Bellows Falls Garage project to add 27 rental units
Work is steadily progressing on the Bellows Falls Garage Housing Project on Rockingham Street.

Bellows Falls Garage project to add 27 rental units

Construction of new building on a historic footprint is moving along toward occupancy in 2023

BELLOWS FALLS — The Bellows Falls Garage Housing Project is ready for winter and on schedule to be completed in 2023.

The wood-and-concrete block structure just north of The Square at 115 Rockingham St., is fully framed. The roof is finished, the exterior is sheathed, and the windows have been installed. Buttoned up and ready for the cold and snow, the winter months will be used to finish the building's interior.

“Work is going as scheduled,” said Elizabeth Bridgewater, executive director of the Windham & Windsor Housing Trust (WWHT), which oversees the project. “It should be done by the end of March 2023.”

Stewart Property Management, which will be managing the building and several others in the community, is already taking the names of people interested in renting an apartment.

“We have to be within 60 days of occupancy before we will accept applications,” Bridgewater said. “But they have created a notification list to keep people informed. You can get your number on that right now."

Other projects that WWHT oversees in Bellows Falls include the renovated Howard Block, just opposite The Square, with 13 second- and third-floor apartments and six street-level retail spaces, and the Exner Block, just off The Square, which was renovated in the late 1990s with 10 apartments and retail spaces.

Both buildings provide a number of apartments in the downtown area. Both have been completed and occupied for decades, providing clean, well-managed homes for village residents, with no noticeable impact on town schools or services, according to Gary Fox, Rockingham development director. WWHT has also renovated several houses in the community.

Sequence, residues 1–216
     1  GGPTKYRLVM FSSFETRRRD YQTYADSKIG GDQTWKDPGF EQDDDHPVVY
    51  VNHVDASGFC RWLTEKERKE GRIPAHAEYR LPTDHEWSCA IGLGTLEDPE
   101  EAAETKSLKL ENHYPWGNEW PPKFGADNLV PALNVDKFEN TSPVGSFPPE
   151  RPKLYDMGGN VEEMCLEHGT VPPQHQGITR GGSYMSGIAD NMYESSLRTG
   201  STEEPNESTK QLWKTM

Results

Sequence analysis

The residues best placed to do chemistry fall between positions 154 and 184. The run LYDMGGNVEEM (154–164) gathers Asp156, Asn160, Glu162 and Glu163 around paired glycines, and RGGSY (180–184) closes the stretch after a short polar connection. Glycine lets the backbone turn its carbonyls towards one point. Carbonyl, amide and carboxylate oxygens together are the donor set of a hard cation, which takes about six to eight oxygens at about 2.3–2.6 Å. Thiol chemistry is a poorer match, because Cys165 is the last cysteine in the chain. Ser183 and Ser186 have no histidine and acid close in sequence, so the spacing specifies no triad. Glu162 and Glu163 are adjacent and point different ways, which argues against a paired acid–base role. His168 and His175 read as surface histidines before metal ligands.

The Bellows Falls Garage building will offer five 480-square-foot studio apartments, 18 one-bedroom apartments ranging in size from 526 to 634 square feet, and four two-bedroom apartments in the 840-to-990-square-foot range, for a total of 27 units.

“The building was developed to meet the needs of a variety of citizens,” Bridgewater said. “We took into account the area's needs and income levels from low and middle to market rate. The building will serve a range of community members.”

“Windham County has a high level of single-person homes,” she observed.

The building has limited outdoor space and limited parking, which is not attractive to larger families, Bridgewater explained, noting that the site is better suited for single people and couples. The WWHT is providing residents parking vouchers for municipal lots as one way to address the issue.

A change of plans

While original plans intended to use the concrete shell of the 102-year-old building that stood on the site, that plan was abandoned when serious flaws were discovered in the old concrete work.

At that time, the WWHT decided to preserve only the concrete front façade of the original design, but that plan was also scrapped for safety reasons.

As demolition began, workers discovered that when the concrete walls were originally poured over a century ago, the material did not properly cure in several places. This resulted in gaps and holes in the concrete walls in enough places to make the structure unsafe to modify or preserve.

“In a way, that ended up being a good thing,” Bridgewater said. “In the original plan we'd have lost the front exterior design due to sheathing. As it is now, we can re-create the original façade.”